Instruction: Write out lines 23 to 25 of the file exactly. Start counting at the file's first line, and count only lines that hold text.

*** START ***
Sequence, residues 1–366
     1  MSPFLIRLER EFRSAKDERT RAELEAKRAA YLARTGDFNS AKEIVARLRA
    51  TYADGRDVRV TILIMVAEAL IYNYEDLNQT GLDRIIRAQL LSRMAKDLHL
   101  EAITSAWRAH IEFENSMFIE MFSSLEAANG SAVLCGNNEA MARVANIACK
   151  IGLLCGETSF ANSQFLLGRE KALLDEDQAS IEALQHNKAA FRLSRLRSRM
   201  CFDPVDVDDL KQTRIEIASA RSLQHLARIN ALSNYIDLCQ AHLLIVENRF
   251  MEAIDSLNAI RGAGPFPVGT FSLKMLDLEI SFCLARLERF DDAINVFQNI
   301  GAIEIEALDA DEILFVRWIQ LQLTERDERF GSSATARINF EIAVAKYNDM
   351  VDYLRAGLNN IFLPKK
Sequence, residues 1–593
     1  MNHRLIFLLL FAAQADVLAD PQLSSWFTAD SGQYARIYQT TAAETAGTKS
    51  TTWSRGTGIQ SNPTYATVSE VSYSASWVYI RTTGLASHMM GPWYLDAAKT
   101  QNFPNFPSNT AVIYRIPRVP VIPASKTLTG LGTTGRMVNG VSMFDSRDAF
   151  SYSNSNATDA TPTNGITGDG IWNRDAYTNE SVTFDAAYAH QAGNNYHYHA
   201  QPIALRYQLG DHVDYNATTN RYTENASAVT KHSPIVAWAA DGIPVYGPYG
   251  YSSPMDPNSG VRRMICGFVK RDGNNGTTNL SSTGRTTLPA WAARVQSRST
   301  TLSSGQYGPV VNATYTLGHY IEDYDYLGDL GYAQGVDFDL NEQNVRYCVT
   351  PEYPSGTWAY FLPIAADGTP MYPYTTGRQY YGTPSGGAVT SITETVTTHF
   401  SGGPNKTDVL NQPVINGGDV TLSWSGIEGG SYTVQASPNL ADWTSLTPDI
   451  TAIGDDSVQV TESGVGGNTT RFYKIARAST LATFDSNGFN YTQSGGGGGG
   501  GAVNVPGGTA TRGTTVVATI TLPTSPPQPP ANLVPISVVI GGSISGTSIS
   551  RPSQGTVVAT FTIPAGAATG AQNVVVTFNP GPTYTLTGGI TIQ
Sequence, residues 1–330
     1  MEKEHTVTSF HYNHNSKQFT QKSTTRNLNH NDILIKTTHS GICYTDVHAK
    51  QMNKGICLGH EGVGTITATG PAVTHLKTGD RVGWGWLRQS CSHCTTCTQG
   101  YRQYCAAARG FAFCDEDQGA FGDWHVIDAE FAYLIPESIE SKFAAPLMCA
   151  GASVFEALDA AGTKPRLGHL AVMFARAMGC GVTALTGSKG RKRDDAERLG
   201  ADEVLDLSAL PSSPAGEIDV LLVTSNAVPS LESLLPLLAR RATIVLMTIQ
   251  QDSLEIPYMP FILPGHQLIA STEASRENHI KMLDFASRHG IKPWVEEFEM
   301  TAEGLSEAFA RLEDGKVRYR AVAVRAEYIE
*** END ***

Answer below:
Sequence, residues 1–330
     1  MEKEHTVTSF HYNHNSKQFT QKSTTRNLNH NDILIKTTHS GICYTDVHAK
    51  QMNKGICLGH EGVGTITATG PAVTHLKTGD RVGWGWLRQS CSHCTTCTQG